In a speech to the National Children and Adults Services Conference (NCAS) in Harrogate last week, health secretary Jeremy Hunt said residential care should be is “a last rather than a first option” as British people should follow the example of people in Asia by taking in elderly relatives. BASW England Manager Ruth Cartwright offers a response.
When I worked as a member of a social work team in a hospital, I was impressed by the huge devotion shown by many carers, usually family, sometimes friends and neighbours, who were looking after the older people who we met.
In the case of those with dementia this could be something of a thankless task, but these devoted people, who were completely unpaid, often refused to consider giving up, despite the physical and emotional toll of caring.
My thoughts turned to them when I heard Jeremy Hunt’s speech. Apparently all their efforts are not sufficient.
While Mr Hunt makes some important points, namely, our older people are not held in high regard by society as a whole (including Government), and when we read of terrible residential care such as that provided in homes such as Orchid View, we may agree that residential care should be a final resort.
I, however, experienced the speech as an exercise in emotional blackmail.
The minister seemed to be saying that families should pull their socks up. Yet the majority of people are already doing their best for their relatives.
Within such families, both partners are likely to be working as well as looking after children. There may be financial worries, and other domestic stresses and strains.
Of course, in my practice I have experienced some families who were not caring at all and were colluding in abuse or exploitation of older people, but such people represent a tiny minority.
With another housing bubble, anxieties about employment, and runaway inflation, who among us can seriously afford to take in our frail older relatives as Hunt suggests?
Perhaps to a wealthy politician this does not seem like such an ask, but most of us do not have houses with rooms to spare.
The best we can do, and it is what most people do, is make sure our relatives are comfortable, warm and fed in their own home and have frequent visits and outings with children and grandchildren.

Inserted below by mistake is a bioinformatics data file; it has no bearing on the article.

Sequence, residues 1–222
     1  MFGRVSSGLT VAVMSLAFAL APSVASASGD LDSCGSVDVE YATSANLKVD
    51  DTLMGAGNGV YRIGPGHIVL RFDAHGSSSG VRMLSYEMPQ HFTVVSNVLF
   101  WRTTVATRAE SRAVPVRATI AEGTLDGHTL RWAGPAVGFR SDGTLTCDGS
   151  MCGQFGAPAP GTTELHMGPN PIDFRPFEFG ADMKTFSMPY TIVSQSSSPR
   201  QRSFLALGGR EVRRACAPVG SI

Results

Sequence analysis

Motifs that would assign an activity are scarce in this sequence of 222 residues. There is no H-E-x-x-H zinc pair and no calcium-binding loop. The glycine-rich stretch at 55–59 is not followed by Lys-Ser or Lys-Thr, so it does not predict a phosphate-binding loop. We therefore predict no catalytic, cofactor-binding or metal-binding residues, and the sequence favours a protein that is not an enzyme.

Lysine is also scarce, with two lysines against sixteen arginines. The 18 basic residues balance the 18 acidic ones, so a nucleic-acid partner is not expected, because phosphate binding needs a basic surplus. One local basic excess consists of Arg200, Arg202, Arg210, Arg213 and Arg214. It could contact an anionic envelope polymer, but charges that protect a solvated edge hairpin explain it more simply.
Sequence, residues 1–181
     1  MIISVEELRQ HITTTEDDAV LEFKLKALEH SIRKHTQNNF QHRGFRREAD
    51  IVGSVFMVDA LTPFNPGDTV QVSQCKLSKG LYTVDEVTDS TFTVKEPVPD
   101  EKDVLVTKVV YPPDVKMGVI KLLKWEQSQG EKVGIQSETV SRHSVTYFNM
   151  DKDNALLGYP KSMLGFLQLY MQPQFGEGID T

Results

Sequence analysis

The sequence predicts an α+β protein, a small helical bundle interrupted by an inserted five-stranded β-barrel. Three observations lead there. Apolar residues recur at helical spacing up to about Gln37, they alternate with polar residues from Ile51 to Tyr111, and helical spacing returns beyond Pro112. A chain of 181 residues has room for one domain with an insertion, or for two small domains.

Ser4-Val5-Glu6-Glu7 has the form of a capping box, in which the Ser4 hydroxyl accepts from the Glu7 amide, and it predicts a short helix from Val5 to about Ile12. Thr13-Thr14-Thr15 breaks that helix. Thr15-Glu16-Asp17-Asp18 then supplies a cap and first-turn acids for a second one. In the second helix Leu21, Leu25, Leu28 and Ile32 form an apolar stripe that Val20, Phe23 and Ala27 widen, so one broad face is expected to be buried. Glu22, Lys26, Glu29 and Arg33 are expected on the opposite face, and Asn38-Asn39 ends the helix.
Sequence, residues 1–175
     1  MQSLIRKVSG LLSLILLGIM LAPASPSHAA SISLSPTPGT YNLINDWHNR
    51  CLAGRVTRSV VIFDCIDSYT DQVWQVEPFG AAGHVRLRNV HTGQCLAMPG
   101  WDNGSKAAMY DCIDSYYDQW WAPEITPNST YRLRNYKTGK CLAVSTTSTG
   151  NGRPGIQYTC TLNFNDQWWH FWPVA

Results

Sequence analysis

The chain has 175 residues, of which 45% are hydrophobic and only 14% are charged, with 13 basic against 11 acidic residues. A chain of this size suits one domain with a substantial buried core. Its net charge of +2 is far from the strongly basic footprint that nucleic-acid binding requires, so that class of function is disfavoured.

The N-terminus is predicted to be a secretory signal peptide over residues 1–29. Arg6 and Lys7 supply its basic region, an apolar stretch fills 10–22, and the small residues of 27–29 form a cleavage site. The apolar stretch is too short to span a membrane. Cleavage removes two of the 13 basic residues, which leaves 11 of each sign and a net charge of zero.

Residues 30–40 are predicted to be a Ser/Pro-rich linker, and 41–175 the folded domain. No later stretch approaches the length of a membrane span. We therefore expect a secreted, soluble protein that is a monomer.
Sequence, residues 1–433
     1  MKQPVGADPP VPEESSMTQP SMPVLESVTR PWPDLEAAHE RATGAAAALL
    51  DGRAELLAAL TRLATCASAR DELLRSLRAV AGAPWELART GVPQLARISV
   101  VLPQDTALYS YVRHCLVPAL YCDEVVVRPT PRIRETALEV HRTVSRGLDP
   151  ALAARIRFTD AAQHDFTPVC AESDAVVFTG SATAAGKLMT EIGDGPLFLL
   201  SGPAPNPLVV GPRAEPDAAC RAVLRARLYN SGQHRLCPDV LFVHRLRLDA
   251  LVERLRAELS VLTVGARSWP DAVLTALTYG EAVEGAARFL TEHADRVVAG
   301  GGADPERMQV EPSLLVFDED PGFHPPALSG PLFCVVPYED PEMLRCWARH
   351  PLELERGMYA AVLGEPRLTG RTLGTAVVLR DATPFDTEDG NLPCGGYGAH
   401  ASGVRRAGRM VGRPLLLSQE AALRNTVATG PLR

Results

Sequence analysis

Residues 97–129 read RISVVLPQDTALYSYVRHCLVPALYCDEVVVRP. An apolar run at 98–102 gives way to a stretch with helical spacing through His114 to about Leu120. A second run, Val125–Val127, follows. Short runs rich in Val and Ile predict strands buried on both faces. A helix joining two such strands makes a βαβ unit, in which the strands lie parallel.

We are not assisted in this by the odd 15 minute care visit, and often, instead of spending time with our relatives in conversation, reminiscing, laughing and talking, we are having to sort out care emergencies, doctor and hospital appointments, bills, shopping, housework, gardening, running repairs of home and equipment – the list goes on.
If there could be more good quality care from the state into which we and our older relatives have all paid, more people could spend positive time with their families.
To ignore the effects of the Coalition’s cuts on the public services local authorities can offer their senior citizens is disingenuous in the extreme.
Contrary to a popular view espoused by many doctors, who can be very quick to suggest care, most of us appreciate that people are best looked after in their own familiar home.
Residential care has its place and there are good homes with a great range of activities, but these are for a time when an older person is in too parlous a state for a relative to be able to care for them.
In the case of Orchid View, it seems that in this particular home people were grossly neglected and these deficiencies were not picked up by the inspectorate, so of course we welcome a better CQC focus on residential care.
On behalf of all those who are involved in the lives of their older relatives and friends, I say to the Government, please free up some real resources (and not this £2bn for integration which merely inadequately replaces the £2bn we’ve lost in recent years). Not only to help us care, but also allow us to be sons, daughters, or grandchildren to enjoy the company of our beloved and much valued older relatives.